Trial opens for ex-NYPD officer charged in Capitol riot
Body camera video captured a “rage-filled” retired police officer attacking one of the outnumbered police officers trying to hold off a mob of rioters who stormed the U.S. Capitol, a federal prosecutor told jurors Tuesday.
But a defense attorney said another video from a different angle shows that former New York City police officer Thomas Webster acted in self-defense after a Metropolitan Police Department officer punched him first.
Jurors saw both videos at the start of Webster’s trial, the first among dozens of cases in which a defendant is charged with assaulting police at the Capitol on Jan. 6, 2021.
Assistant U.S. Attorney Hava Mirell also showed jurors a photo of Webster holding a U.S. Marine Corps flag on a metal pole in front of the Washington monument before the riot erupted.
“He is smiling in that photo, but that smile would soon turn to rage,” she said during the trial’s opening statements.
The prosecutor told jurors they will hear testimony from Noah Rathbun, the officer whom Webster is charged with assaulting with the flag pole.
Webster shoved a bike rack at Rathbun before swinging the flag pole at the officer in a downward chopping motion, striking a metal barricade in front of the officer, according to Mirell. After Rathbun grabbed the broken pole and retreated, Webster “hunkered down,” charged at the officer and tackled him to the ground, where Rathbun began to choke from the chin strap on his gas mask, the prosecutor said.
Defense attorney James Monroe accused Rathbun of using excessive force and provoking Webster by punching him in the face.
“The government didn’t tell you about that,” Monroe told jurors.
Mirell said Rathbun stuck out an open palm to create space between him and Webster.
“But the defendant kept getting angrier and angrier,” she added.
U.S. District Judge Amit Mehta, who is presiding over Webster’s trial, said during a bond hearing last June that he didn’t see Webster getting punched in the face on a video. The judge described Webster as an instigator.
“It was his conduct that sort of broke the dam, at least in that area,” Mehta said, according to a transcript.
Webster, now a self-employed landscaper, retired from the NYPD in 2011 after 20 years of service. He served in the Marine Corps in 1985, from 1989 before joining the NYPD in 1991. His department service included a stint on then-Mayor Michael Bloomberg’s private security detail.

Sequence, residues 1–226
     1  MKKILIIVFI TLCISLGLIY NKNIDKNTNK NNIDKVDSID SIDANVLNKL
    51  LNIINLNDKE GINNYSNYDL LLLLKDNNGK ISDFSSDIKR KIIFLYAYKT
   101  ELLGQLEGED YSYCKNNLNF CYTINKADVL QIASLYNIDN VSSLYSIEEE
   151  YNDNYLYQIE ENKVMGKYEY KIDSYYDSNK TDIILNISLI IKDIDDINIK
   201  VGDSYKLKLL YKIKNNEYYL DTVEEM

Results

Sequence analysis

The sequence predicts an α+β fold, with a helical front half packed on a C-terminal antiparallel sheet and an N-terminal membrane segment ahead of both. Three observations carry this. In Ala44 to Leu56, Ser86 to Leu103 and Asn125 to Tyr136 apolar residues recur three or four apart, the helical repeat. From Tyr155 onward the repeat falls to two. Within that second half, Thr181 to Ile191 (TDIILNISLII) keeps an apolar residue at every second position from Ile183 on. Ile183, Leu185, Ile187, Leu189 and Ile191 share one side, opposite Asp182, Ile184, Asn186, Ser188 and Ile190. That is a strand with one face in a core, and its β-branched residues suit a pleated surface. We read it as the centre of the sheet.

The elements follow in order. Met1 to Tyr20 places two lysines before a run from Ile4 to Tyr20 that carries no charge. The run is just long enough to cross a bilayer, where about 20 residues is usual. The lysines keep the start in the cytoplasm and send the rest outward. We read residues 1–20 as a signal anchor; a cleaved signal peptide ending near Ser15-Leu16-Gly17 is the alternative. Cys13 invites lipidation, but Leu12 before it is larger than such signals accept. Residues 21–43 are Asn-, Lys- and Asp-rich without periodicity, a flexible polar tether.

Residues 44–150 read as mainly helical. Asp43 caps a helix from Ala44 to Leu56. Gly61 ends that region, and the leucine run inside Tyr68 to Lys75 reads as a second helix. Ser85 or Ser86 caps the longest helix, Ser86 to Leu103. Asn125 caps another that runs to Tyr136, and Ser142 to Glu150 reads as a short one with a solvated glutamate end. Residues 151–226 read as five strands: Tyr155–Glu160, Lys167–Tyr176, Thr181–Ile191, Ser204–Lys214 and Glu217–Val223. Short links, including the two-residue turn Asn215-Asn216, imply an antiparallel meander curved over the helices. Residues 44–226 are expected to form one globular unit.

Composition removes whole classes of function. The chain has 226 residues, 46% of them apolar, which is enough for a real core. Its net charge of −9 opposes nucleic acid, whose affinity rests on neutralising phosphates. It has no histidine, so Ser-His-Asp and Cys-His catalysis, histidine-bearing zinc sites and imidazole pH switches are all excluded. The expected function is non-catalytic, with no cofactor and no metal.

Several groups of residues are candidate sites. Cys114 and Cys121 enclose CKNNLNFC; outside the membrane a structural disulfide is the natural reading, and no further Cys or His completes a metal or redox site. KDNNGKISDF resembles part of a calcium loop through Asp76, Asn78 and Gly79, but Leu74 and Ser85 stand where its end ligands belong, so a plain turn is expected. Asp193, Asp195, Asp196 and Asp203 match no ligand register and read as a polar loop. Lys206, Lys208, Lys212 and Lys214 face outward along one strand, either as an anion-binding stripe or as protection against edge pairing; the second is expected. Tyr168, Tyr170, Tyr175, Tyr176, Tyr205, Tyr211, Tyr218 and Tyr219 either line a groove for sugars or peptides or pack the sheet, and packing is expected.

Webster brought a gun when he traveled alone to Washington from his home in Florida, New York, a village in Orange County about 70 miles northwest of New York City. He wore his NYPD-issued bulletproof vest but says he left the pistol in his hotel room when he headed to the Jan. 6 rally where Trump spoke.
Webster faces six counts, including assaulting, resisting or impeding an officer using a dangerous weapon. He isn’t accused of entering the Capitol on Jan. 6.
“In his mind, this is a protest. He’s not taking over any Capitol,” Monroe said. “He’s there to have his voice heard.”
Monroe also has argued that Webster was exercising his First Amendment free speech rights when he shouted profanities at police that day. The defense lawyer suggested that Webster became upset because he saw others in the crowd who were injured and bleeding.
Webster’s trial in the fourth before a jury and the sixth overall. The first three Capitol riot defendants to get a jury trial were convicted of all charges in their respective indictments.
More than 780 people have been charged with riot-related federal crimes. The Justice Department says over 245 of them have been charged with assaulting or impeding law enforcement. More than 250 riot defendants have pleaded guilty, mostly to nonviolent misdemeanors.
Jurors convicted two rioters of interfering with officers. One of the rioters, Thomas Robertson, was an off-duty police officer from Rocky Mount, Virginia. The other, Texas resident Guy Wesley Reffitt, also was convicted of storming the Capitol with a holstered handgun.
The third Capitol rioter to be convicted by a jury was Dustin Byron Thompson, an Ohio man who said he was following then-President Donald Trump’s orders.
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